I strongly feel as though the depiction of long-term relationships in contemporary society is a wee bit inaccurate.
Okay, not a wee bit. A lot. It’s a lot a bit inaccurate.
And, in addition to being inaccurate, add misleading to the list.
It’s important to note that not all current-day portrayals of long-term relationships are unreliable. It’s also important to recognize the fact that relationships are entirely subjective, and their nature varies depending on the two people involved. But, in my own opinion, the reality of long-term relationships often fails to be properly represented via media, and I think it’s worth discussing.
I’ve been with my boyfriend for five and a half years. It’s actually closer to six years if we’re being technical, but you get the idea.
Blaine and I have been through a lot together. We’ve experienced highs and lows, good times and not so good times. We’ve had our fair share of disagreements and arguments, and at times, we’ve been unsure of what exactly the future holds for us, amongst a million other unknowns. But we’re still together, and we’re stronger together because of what we have experienced.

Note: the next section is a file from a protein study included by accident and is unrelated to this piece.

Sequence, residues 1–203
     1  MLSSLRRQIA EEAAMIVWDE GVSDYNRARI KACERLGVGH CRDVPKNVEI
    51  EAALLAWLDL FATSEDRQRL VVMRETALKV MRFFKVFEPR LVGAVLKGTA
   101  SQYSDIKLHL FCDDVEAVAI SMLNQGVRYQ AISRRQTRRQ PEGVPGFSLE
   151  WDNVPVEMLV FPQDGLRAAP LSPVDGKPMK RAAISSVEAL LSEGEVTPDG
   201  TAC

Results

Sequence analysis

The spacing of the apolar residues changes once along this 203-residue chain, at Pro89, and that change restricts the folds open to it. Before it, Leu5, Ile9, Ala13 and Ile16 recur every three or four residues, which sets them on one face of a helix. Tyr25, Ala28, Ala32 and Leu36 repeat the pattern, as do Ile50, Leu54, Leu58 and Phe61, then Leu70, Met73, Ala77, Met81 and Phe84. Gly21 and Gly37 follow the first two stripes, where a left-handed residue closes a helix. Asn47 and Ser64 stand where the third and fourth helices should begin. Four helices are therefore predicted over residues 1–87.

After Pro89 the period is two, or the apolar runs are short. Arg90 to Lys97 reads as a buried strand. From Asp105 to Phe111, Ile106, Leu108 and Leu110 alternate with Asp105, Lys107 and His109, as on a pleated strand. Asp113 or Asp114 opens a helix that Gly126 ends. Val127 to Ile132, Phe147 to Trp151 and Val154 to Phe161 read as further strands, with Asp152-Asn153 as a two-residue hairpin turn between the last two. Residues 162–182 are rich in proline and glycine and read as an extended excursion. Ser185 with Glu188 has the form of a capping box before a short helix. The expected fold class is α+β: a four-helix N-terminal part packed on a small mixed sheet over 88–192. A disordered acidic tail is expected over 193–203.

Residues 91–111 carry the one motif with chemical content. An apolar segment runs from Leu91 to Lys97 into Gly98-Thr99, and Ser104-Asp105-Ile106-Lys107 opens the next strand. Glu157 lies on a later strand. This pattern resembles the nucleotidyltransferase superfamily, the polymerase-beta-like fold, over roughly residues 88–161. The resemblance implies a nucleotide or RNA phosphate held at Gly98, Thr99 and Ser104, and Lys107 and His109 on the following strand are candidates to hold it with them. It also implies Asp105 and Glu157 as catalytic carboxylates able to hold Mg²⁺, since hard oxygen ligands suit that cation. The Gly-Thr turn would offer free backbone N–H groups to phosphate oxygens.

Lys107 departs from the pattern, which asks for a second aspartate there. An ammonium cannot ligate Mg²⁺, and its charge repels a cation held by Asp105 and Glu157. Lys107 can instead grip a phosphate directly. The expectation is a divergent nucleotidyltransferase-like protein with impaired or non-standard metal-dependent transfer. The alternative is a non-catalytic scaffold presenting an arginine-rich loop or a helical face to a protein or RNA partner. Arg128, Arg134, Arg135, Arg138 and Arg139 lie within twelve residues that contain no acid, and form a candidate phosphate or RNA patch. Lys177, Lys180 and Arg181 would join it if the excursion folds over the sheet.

Long-term relationships take work. They require time, effort, sacrifice, support, compassion, understanding, sympathy, empathy, patience, forgiveness, and cooperation. They’re challenging and trying, but they’re also completely and totally worth it.
I suppose what I’m trying to communicate through this jumbled ramble is that long-term relations aren’t a walk in the park. But they shouldn’t be a battle, either. I like to think of them as a sort of investment, if you will; you get what you put into it. They undoubtedly take work, but if you’re with the right person, it shouldn’t take work all of the time. When you’re with someone for a long time, it’s easy to lose sight of what brought you together in the first place. Remind yourself of what you value in your partner when things get tough, and keep that in mind no matter how long you’re with them.